Julayne Lee is the author of the forthcoming poetry collection, Not My White Savior (Rare Bird Books, 2018). She is a Community Literature Initiative scholar and a Las Dos Brujas alum. She has been published by the Los Angeles Department of Cultural Affairs, Cultural Weekly, and Korean Quarterly. As part of the Writ Large Press #90X90LA project in 2017, she hosted the first-ever reading with adoptees of color in Los Angeles and is launching a writing workshop for those who identify as adopted people of color or racially ambiguous. Lee is cofounder of Adoptee Solidarity Korea – Los Angeles (ASK-LA) and can be found on Twitter @julayneelle.
Since the 1950s, South Korea has produced approximately two hundred thousand overseas adopted Koreans. As we’ve entered adulthood, gathering and connecting through our shared experiences have played important roles in our identity formation and well-being. For some, writing has been a means to navigate our adoption journeys, which at times can be very isolating geographically and emotionally.
In October 2017, over two hundred and thirty adopted Koreans gathered from across the country and around the world to celebrate the twentieth anniversary of the Adopted Koreans Association – San Francisco (AKA-SF) with a conference. A reading with adopted Korean writers highlighted their experiences through poetry, memoir, and fiction.
The reading brought together authors Jessica Sun Lee (An Ode to the Humans Who’ve Loved and Left Me), Marci Calabretta Cancio-Bello (Hour of the Ox), SooJin Pate (From Orphan to Adoptee), and former Fresno Poet Laureate Lee Herrick (Gardening Secrets of the Dead). I also shared poems from my forthcoming collection, Not My White Savior. Our writing documents a variety of perspectives and issues including imagining the Korean families we might have grown up in, interrogating the text of our adoption files, highlighting the approximately thirty-five thousand intercountry adoptees without U.S. citizenship, and questioning our place both with family and in America.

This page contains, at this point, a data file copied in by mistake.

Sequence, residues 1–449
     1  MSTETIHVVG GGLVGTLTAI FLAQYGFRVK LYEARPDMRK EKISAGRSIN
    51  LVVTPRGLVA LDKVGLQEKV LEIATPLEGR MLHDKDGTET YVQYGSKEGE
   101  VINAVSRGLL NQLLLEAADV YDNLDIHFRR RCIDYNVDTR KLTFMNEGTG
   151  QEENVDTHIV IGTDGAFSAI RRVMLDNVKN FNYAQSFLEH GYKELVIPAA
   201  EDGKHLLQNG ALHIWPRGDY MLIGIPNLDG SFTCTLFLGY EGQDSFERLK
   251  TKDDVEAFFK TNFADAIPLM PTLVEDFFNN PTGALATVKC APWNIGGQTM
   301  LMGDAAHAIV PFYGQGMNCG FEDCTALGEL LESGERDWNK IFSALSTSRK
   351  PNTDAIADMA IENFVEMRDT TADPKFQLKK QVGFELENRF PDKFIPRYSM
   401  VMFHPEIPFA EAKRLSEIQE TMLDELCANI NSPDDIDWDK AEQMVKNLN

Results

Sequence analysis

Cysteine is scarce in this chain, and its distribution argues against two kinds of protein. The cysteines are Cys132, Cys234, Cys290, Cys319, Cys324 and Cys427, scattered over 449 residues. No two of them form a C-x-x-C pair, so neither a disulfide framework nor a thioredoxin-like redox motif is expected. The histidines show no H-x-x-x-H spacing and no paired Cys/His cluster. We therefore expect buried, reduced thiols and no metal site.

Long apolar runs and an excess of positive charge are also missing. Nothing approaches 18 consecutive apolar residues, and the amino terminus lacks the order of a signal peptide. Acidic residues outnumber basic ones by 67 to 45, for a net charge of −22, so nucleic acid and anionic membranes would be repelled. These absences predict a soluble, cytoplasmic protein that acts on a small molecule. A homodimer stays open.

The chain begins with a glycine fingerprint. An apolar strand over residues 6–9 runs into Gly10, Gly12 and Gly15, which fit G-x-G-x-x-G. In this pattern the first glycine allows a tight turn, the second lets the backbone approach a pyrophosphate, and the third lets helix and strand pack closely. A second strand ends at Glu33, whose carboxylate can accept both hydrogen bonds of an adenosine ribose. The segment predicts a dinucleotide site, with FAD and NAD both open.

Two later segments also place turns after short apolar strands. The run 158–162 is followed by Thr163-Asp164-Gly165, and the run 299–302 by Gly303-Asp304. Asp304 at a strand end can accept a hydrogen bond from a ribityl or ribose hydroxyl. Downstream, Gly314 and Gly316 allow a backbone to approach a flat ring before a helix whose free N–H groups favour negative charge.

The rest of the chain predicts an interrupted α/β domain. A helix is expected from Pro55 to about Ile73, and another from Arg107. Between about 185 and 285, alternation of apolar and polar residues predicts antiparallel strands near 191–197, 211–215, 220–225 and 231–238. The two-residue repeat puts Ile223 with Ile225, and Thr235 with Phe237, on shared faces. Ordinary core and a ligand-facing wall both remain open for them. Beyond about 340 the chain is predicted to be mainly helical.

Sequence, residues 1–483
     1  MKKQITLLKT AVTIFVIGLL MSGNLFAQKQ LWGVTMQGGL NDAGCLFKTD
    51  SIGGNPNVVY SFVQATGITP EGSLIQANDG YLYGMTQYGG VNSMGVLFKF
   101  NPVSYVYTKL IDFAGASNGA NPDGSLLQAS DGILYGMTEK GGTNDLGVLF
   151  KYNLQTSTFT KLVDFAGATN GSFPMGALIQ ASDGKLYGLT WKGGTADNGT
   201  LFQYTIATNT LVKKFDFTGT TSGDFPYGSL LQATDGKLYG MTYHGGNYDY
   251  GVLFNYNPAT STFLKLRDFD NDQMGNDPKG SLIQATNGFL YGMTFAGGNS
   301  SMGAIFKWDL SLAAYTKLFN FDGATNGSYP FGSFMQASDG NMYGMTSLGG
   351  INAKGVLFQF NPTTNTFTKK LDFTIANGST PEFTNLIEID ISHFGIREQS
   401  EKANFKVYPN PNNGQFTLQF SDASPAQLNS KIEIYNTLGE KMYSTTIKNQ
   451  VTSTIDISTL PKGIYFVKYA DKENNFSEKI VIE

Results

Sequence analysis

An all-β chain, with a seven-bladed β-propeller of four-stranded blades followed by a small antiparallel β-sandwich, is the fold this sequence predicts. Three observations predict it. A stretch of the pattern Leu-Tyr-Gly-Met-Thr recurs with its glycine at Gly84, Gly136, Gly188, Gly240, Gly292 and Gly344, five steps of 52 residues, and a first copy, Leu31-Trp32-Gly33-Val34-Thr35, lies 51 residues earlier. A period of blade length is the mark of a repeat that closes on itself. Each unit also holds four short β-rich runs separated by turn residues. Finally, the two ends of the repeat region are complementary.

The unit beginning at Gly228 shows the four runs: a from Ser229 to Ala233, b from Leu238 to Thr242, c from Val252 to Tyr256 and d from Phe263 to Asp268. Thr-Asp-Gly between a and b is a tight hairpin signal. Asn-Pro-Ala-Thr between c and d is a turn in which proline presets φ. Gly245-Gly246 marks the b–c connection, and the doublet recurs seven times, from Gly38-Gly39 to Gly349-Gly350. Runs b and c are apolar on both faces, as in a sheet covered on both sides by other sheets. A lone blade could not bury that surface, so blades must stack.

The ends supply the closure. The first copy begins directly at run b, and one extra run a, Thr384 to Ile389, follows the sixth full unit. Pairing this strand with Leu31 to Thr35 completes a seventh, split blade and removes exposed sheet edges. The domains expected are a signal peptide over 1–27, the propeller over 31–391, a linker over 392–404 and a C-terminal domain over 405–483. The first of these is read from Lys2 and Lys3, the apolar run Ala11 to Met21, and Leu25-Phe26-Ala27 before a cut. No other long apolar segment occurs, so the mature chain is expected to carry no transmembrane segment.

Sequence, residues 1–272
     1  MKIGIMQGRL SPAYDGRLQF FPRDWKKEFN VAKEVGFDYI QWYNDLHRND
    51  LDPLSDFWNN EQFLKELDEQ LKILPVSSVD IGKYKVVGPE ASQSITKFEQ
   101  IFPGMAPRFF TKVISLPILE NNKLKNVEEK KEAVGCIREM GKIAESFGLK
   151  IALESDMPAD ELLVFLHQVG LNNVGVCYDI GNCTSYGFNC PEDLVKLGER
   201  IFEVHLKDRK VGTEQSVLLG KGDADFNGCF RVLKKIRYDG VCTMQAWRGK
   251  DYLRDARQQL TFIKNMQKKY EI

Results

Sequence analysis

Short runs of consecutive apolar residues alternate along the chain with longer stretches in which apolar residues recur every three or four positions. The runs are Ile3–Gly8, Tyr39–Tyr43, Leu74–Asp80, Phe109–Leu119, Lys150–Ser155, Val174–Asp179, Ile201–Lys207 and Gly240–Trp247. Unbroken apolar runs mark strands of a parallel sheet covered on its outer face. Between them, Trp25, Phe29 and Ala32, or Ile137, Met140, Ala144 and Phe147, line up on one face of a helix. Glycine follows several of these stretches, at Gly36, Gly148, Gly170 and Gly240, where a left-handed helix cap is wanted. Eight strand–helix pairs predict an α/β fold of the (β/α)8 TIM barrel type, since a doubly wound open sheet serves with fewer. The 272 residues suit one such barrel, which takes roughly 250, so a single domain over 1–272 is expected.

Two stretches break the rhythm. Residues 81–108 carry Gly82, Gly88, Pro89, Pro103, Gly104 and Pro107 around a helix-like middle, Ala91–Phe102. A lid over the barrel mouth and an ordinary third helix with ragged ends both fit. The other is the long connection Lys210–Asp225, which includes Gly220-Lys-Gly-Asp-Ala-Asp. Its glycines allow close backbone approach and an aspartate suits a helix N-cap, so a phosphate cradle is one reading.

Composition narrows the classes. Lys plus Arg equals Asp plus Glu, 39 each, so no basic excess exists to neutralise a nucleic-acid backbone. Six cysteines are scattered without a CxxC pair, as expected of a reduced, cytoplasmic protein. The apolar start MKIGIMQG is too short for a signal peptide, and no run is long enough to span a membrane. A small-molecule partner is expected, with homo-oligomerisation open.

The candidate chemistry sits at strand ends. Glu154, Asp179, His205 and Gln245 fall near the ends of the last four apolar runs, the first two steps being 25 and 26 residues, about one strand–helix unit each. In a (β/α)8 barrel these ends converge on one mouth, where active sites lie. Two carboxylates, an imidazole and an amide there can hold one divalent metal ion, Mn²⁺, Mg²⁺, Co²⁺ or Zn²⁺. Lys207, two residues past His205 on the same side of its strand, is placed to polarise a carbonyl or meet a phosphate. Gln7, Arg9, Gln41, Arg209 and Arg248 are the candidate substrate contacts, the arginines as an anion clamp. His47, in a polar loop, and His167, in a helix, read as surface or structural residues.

Regardless of some of us having met only via e-mail prior to the reading and having our own unique experiences, our writing resonated amongst one another and with the audience. In the discussion that followed the reading, attendees expressed how meaningful and validating it was to hear our honest, raw words. The emotion in the room signified how giving life to shared experiences that have been suppressed can help us release significant thoughts and feelings, and begin to heal. With an ever-increasing focus on mental health for adopted people, this reading was critical in validating our experiences and bridging the isolating divide some of us have experienced.
My hope is that the bonds we formed through our shared experiences will carry us forward to continue this important work of writing and healing, and in turn provide a means of healing for others in our community. While honesty in writing can be challenging, as Aspen Matis, author of Girl in the Woods (HarperCollins, 2015), has said, “Authenticity sings.” And sing we did.
Thanks to AKA-SF for hosting the reading and to Poets & Writers for sponsoring this important reading.
Support for Readings & Workshops in California is provided by the California Arts Council, a state agency, and the National Endowment for the Arts, a federal agency. Additional support comes from the Friends of Poets & Writers.Photo: Julayne Lee (Credit: Samantha Magat).